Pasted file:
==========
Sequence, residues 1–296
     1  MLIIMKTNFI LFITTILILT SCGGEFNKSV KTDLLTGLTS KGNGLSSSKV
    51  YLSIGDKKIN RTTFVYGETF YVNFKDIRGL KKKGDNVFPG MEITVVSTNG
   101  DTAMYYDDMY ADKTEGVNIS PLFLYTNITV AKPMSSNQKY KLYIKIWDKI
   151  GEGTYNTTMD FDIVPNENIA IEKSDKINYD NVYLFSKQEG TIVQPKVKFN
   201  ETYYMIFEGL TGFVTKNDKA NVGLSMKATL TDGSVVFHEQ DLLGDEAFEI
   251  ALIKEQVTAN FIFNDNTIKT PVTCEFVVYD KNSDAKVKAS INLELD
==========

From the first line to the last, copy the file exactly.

Sequence, residues 1–296
     1  MLIIMKTNFI LFITTILILT SCGGEFNKSV KTDLLTGLTS KGNGLSSSKV
    51  YLSIGDKKIN RTTFVYGETF YVNFKDIRGL KKKGDNVFPG MEITVVSTNG
   101  DTAMYYDDMY ADKTEGVNIS PLFLYTNITV AKPMSSNQKY KLYIKIWDKI
   151  GEGTYNTTMD FDIVPNENIA IEKSDKINYD NVYLFSKQEG TIVQPKVKFN
   201  ETYYMIFEGL TGFVTKNDKA NVGLSMKATL TDGSVVFHEQ DLLGDEAFEI
   251  ALIKEQVTAN FIFNDNTIKT PVTCEFVVYD KNSDAKVKAS INLELD